Tuesday, 6 October 2015

"Aspects Of Love" by Erewash Musical Society
Duchess Theatre, Long Eaton

Where and how do I start to tell you what an amazingly good musical Aspects Of Love is, and how good the presentation was of this Andrew Lloyd-Webber little performed mini-classic?

While there may not be many catchy tunes here for you to leave the theatre whistling or humming, the story-line is one of the best, albeit based on the novella by David Garnett. For those who, like me, didn't know what a "novella" is, a novella is a work of written, fictional, narrative prose normally longer than a short story but shorter than a novel.

It's the story of Alex who at 17 falls for an actress, Rose, and has a torrid affair with her, This peters out when Rose concocts a story to go back home for an acting role,but then we discover that she has started an affair with Alex's uncle, George, who she met while with Alex at his uncle's apartment in France. George though is having an on/off affair with Giulietta, but also sires a child, Jenny, with Rose. Spread over several yeras and the story continues with Alex returning from the army and visiting his uncle and falls back in love with Rose, as well as over time, her daughter Jenny, when Jenny reaches 16. At the funeral of his uncle, Giulietta, makes a move on Alex and he decides that he would be better with her as she is closer to his own age and has to let down both Rose and Jenny. These scenarios making up the many aspects of love.

You can almost forget that you're not watching am professional production here because the standard is so very high. From the brilliant projected background, transporting you from place to place without the need for moving heavy and complicated scenery, to the technical splendour of the projections, bring reality to a static backdrop. All of this the design of Paul Young. The excellent lighting by Dave Dallard and the wonderful orchestra led by Nathan Truesdale, both creating aural and visual excellence.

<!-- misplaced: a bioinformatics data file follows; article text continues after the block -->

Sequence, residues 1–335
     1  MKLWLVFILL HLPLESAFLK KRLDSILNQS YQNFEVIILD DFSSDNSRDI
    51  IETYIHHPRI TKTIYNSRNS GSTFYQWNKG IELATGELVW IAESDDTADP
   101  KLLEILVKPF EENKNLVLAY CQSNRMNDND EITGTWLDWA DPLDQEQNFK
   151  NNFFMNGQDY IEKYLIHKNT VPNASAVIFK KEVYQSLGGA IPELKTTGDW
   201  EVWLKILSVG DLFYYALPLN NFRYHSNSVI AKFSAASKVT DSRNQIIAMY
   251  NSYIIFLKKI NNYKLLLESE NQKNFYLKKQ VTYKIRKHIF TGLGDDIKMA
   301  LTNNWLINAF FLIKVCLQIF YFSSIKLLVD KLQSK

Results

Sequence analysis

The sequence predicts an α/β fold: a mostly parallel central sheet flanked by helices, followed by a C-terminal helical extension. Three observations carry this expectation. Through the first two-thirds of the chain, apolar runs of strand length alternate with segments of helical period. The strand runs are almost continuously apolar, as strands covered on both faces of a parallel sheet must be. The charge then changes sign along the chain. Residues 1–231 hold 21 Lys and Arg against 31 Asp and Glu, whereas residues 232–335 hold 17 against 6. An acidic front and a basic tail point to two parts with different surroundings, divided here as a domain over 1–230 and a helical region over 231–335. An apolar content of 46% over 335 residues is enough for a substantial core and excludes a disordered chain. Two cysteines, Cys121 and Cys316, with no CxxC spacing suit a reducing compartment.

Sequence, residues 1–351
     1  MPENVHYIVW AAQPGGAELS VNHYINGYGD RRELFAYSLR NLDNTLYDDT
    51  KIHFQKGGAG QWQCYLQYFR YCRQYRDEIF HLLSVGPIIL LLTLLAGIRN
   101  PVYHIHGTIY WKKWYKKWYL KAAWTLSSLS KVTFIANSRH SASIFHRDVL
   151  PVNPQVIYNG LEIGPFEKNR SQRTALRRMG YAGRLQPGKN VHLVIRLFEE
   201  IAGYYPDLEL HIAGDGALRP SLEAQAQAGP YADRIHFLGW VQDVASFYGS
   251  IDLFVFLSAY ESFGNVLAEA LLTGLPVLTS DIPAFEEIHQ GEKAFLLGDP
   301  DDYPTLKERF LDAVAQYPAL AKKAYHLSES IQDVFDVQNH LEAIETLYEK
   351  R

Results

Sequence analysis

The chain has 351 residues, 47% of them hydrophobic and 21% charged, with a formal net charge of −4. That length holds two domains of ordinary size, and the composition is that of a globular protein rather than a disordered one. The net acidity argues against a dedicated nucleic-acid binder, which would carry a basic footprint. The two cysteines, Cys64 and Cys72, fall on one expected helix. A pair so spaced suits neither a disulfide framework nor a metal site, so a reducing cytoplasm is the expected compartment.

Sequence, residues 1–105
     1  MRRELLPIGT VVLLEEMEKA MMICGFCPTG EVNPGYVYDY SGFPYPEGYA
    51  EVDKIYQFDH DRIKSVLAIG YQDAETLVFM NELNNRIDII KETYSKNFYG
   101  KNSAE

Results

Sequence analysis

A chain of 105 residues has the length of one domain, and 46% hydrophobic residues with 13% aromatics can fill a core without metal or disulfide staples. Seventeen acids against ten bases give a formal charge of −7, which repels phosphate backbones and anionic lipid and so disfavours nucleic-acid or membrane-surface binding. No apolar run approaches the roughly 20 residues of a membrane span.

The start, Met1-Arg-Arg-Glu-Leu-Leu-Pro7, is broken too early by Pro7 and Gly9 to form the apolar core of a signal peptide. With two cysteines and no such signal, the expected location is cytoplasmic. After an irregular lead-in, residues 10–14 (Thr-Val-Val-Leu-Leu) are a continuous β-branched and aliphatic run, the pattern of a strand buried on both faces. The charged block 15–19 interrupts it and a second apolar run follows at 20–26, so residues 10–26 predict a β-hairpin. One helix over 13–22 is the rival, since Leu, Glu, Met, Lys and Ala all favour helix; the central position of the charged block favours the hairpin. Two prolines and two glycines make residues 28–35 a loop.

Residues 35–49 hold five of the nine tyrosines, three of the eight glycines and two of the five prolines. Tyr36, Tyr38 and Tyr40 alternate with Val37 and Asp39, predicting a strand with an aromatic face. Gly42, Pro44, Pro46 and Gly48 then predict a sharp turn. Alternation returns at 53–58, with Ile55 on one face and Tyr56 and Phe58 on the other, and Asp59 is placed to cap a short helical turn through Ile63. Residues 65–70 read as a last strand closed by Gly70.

Zak Charlesworth who played the male lead, Alex, was the very best that I have seen him both confidence wise and vocally. I've known Zak for a few years and I've seen how he has progressed as a singer and actor and tonight, he hit the pinnacle of his career so far. His voice was powerful where it needed to be, tender when it was called for. He looked confident in every delivery of the spoken lines and the songs. Playing Alex could well be the most difficult and demanding role he has performed to date but he gave it everything, and when you think this role was made famous by Michael Ball, then that's a big set of boots to be able to fill, but he pulled it off!

Every actor, either in principal roles or the ensemble gave everything tonight and there were several strong main characters, Tracey Renshaw as Rose was just brilliant and gave an extremely powerful and emotive performance, and what a voice!

Mark Birch, as George, has an amazingly powerful set of vocal chords and was outstanding as actor and singer.

Nadia Potter played the 12 year old Jenny, cute as a button as well as engaging as an actor. Gemma Blake took over as the 16 year old Jenny who caught the eye and the affections of the older Alex. Gemma again has a fantastic voice, as did all the cast. As I say, it was easy to forget that this wasn't a fully professional set up, because the quality was just that.

There are a couple of songs you may recognise such as "Love Changes Everything" and "The First Man You Remember" but the quantity of the songs mean that you get more than your money's worth here. It's almost back to back music, almost in the style of a rock opera but with the style changed to a more classier sound.

This is one Lloyd-Webber musical that is on the list of his better ones, and I urge you to pop along to the Duchess Theatre in Long Eaton to partake of the music and talent on show, all this week until Saturday 10 October 2015.Oh yes you'll also love the period costumes and props as it spans the period from 1947 to 1964.

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